Does Your Social Media Policy Create a Platform for Racism?

by cv harquail on May 17, 2011

I bet you don’t think it does.

I bet you think that your social media policy, and your ‘create a blog for our business using other people’s user-generated content’- approach, is impervious to racism masked as business advice, as research findings, or as interesting content.

I bet that’s exactly what thought, too.

They’ve got a stable of bloggers, most of them PhD psychologists and social psychologists, who supposedly are “qualified” to write for their site. These scientists generate content for them, so that can draw traffic and sell advertising space.

201105171711.jpgBut not all of these scientists practice a high quality of “science”. And one of these scientists, already notorious for the social bias in his “research” “findings”, recently published a post that was decidedly not scientific.

Satoshi Kanazawa, an evolutionary psychologist who styles himself as “The Scientific Fundamentalist” published a post entitled “Why Are Black Women Rated Less Physically Attractive Than Other Women?

This content was decidedly “off brand” for Psychology Today. It was a clear display of racism, masquerading as science.

Readers were offended, and the post was taken down by’s editors — but not until after a lot of damage was done.

Damaged were Psychology Today’s reputation, the reputations of ‘s other contributors, the trust of readers, and the support of social media influences who drive traffic to

Damaged were the Black community, people of color and white people who are working against racism.

Also damaged were the Black women whose beauty and social value was “scientifically” deemed inadequate.

Indeed, it’s hard to see that anyone benefited from’s social media policy.

Except, of course, racists.

But has some form of social media policy —

Someone over at organized the post contribution system, where bloggers get access to PsychologyToday’s audience in exchange for publishing their individual content. Someone set up the digitized and interpersonal processes for gathering and vetting contributors. Someone permitted this particular “scientist “, a scientist with a suspect reputation, to publish his posts on

Someone did all of this without the help of a fully-considered social media policy.

Do you have a “someone” at your organization who’s in charge of putting content on your blogs? On your Facebook page? In your online community? On Twitter?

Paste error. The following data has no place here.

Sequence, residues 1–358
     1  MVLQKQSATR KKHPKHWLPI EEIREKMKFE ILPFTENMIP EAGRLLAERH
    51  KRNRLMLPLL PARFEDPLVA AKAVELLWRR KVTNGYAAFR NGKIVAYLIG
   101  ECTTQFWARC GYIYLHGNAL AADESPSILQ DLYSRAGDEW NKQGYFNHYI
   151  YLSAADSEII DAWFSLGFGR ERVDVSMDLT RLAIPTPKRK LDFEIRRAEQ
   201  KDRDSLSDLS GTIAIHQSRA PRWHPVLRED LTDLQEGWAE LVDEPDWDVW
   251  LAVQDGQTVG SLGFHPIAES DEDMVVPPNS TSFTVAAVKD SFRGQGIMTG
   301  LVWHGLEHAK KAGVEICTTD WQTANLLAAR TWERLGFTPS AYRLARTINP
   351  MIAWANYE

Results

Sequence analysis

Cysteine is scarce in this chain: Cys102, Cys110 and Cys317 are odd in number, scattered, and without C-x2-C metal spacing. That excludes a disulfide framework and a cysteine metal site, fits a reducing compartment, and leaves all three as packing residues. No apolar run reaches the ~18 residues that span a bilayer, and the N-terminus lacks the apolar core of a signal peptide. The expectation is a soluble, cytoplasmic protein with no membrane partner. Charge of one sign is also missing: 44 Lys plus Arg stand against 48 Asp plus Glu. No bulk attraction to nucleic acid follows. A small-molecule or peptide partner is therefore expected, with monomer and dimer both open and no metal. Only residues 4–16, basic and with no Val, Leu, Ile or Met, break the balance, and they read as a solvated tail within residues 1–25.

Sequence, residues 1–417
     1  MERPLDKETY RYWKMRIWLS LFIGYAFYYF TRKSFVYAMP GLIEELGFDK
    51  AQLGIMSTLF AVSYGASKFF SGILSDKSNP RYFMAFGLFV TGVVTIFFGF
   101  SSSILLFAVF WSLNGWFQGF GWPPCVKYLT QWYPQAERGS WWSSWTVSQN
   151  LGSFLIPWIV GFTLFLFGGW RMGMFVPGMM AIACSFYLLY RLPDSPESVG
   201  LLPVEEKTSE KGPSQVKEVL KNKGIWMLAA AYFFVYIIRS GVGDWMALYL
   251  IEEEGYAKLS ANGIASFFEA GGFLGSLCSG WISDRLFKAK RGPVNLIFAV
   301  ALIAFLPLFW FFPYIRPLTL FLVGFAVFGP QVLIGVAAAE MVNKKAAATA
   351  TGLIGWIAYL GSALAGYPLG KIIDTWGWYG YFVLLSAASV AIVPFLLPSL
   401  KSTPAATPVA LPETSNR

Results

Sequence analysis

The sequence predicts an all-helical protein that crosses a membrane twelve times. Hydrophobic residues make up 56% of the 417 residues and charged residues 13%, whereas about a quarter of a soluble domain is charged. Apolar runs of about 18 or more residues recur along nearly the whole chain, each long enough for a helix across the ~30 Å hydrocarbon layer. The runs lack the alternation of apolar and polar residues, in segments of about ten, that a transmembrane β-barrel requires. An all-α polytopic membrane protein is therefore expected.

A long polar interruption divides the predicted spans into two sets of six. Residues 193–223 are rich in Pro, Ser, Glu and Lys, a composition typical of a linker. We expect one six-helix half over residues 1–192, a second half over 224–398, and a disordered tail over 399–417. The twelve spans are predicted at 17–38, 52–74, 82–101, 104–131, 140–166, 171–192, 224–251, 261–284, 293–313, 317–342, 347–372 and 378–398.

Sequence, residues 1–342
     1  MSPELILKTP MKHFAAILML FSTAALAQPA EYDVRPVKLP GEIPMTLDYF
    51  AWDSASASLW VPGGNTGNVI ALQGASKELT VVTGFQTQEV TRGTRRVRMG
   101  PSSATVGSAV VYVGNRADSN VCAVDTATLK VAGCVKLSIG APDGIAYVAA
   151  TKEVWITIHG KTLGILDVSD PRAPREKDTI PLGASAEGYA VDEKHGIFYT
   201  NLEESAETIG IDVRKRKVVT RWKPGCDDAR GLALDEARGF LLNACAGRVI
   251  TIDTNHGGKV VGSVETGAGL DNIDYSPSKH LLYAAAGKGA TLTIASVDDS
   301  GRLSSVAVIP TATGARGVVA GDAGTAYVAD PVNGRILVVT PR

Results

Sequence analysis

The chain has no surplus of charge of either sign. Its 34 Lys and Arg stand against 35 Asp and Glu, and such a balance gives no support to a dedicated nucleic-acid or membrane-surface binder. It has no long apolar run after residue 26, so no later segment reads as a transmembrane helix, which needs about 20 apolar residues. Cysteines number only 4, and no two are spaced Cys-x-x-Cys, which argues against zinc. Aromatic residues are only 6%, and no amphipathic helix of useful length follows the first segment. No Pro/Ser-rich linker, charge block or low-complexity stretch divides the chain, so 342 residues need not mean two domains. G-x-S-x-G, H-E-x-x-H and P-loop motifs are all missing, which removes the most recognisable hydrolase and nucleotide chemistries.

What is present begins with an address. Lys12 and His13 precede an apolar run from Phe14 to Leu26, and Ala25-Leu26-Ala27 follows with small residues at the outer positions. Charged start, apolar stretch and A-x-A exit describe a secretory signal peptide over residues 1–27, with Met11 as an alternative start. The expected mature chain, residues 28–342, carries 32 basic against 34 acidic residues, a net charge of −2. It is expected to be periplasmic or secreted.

Does this “someone” use guidelines that specify who your business or organization brand is, what it believes in, and how it should be represented through this content? Does this someone have programs to teach contributors to uphold your standards?

Does your social media policy let contributors and your community know what you stand for, and what you won’t stand for?

Action Step: Sign this petition at Psychology Today: Stop Publishing Racist & Sexist Articles
The petition’s focus:

We demand that the Psychology Today editorial board publicly account for how and why this racist and sexist article was allowed to be published on the Psychology Today website, and take transparent steps to prevent this from happening in the future.

For great insights on the original article and reactions to it, see:

Why Black Women Rock! My Thoughts That Crazy Psychology Today Article By Dr. Phoenyx Austin on
A ‘Wow. Just. Wow’ article: ‘Why Are Black Women Rated Less Physically Attractive Than Other Women? by Pam Spaulding at PamsHouseBlend
Beauty May Be In Eye of Beholder But Eyes See What Culture Socializes by Mikhail Lyubansky, Ph.D. at

Voices: The Satoshi Kanazawa Study & Repeat Offender: Satoshi Kanazawa’s Other Greatest Misses by Arturo R. Garcia at Racialicious

See also:

What Authenticity? Design Homophobia Out of the Organization

{ 1 comment }

Susan Macaulay May 18, 2011 at 2:33 am

Yo CV 🙂

Great post as usual. Especially timely for me as I relaunch and potentially invite guest bloggers to contribute to my in-site blog.

As you say, it’s important for FB page and other #socmed tool owners to have clear editorial guidelines for admins 7 team members, AND to also constantly monitor to ensure the guidelines are respected. Those slippery guideline slopes can turn into avalanches of inappropriate content if one is not diligent in keeping a watchful eye… (as you may have guessed, I speak from experience lol).

BTW, you have a word mix up in this line: For great insights on original the article and reactions to it, see:


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